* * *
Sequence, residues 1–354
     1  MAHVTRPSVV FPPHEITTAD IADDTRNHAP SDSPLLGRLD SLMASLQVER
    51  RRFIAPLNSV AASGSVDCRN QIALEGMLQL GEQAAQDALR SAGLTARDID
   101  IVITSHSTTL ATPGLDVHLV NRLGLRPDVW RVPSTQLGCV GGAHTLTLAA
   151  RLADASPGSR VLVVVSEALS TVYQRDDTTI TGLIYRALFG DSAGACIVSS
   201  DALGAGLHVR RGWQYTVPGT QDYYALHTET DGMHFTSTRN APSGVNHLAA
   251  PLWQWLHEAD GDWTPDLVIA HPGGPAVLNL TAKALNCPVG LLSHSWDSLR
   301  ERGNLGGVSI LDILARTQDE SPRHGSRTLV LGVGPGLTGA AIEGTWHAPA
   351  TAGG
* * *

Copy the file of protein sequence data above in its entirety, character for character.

Sequence, residues 1–354
     1  MAHVTRPSVV FPPHEITTAD IADDTRNHAP SDSPLLGRLD SLMASLQVER
    51  RRFIAPLNSV AASGSVDCRN QIALEGMLQL GEQAAQDALR SAGLTARDID
   101  IVITSHSTTL ATPGLDVHLV NRLGLRPDVW RVPSTQLGCV GGAHTLTLAA
   151  RLADASPGSR VLVVVSEALS TVYQRDDTTI TGLIYRALFG DSAGACIVSS
   201  DALGAGLHVR RGWQYTVPGT QDYYALHTET DGMHFTSTRN APSGVNHLAA
   251  PLWQWLHEAD GDWTPDLVIA HPGGPAVLNL TAKALNCPVG LLSHSWDSLR
   301  ERGNLGGVSI LDILARTQDE SPRHGSRTLV LGVGPGLTGA AIEGTWHAPA
   351  TAGG